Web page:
into making her sick. Helen though never once vomited and she never did suffer from any sort of motion sickness at any stage of her training or during the mission proper. Eventually selection time arrived and after the 99 exams Helen was chosen in preference to Timothy as prime crewmembers for the mission. Her role was to be that of a mission specialist in charge of experiments, and once the reality of being Britain’s first citizen in space had sunk in she went on to meet the other two members of her crew along with their families

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in an attempt to bring them closer together so they could tell what each was likely to do. Back in Star City more mundane chores had to be done, Helen had to be fitted for her space suit. “It’s the best made to measure outfit that I’ve ever had” she enthused but then it’s hardly surprising seeing as she was measured in 72 different places before the suit was made. Once in the suit Helen explained how difficult it was to stand upright because the shoulders and the sides of the suit have wire in them for support and durability, “When you see them (the cosmonauts) on their way to the launch pad the look

education and certain laws that she had encountered. The one which came to mind was one of the Newtonian laws of motion, “every action has an equal and opposite reaction”, this would be so true once the rocket she was to fly on had lifted of from the Baikonur Cosmodrome at Tyuratam near Vladivostok in eastern Russia.The thrust being ejected from the rocket so powerful that it overcomes any problem of gravity. “The launch is exiting not having done one before but it’s also rather mundane” Helen recounted, the reason being that the crew are strapped into their seats many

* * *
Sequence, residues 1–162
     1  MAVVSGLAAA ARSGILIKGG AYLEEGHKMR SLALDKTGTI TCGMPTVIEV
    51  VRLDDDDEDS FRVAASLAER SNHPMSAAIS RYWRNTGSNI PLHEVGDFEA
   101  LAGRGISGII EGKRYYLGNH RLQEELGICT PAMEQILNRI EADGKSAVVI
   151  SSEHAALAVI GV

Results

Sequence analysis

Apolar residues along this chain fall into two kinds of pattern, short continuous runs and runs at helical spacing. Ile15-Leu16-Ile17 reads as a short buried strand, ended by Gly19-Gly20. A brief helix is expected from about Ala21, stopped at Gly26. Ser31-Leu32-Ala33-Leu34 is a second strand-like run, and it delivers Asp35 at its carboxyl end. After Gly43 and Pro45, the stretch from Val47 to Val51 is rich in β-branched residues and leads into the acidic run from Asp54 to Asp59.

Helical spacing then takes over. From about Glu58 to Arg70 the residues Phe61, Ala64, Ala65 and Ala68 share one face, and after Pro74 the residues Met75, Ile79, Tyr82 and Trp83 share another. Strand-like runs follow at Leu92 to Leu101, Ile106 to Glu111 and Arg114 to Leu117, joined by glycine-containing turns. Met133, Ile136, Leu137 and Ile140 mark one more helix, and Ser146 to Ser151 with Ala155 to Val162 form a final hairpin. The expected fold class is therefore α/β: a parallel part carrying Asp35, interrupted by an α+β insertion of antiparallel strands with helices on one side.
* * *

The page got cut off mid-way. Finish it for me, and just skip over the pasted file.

East meets West: Anatoly Artsebarsky, Helen Sharman and Sergei Krikalyov. hunched up, this is not because they have had too much vodka to drink or that they are tired due to lack of sleep, it’s just that the wire makes movement so difficult”. The seat in which Helen and all cosmonauts sit is also made to measure but at the base there is a gap of about 4-5 cm where ones back fits. Helen continued, “Because your spine stretches in the weightless environment this little gap is essential to allow for the 2cm or more stretch that the spine will experience, I liked that, it made me feel taller for a time”. When the time for the launch approached Helen couldn’t help herself thinking back to her

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hours before the launch itself, “It’s not scary” she told the by now enthralled, captive audience “As there is no unknown, you feel really prepared”. At launch the acceleration builds, drops then builds yet again as the various stages of the rocket are used up and after approximately 8 minutes a bang is heard and orbit is attained. I took the time to ask Helen about the launch phase of the mission and her on orbit rendezvous with Mir were there any problems? “The mission I took part in had its problems too; we had an O2 leak during the launch which had to be sorted out quickly in the spacecraft as we lifted off. The automated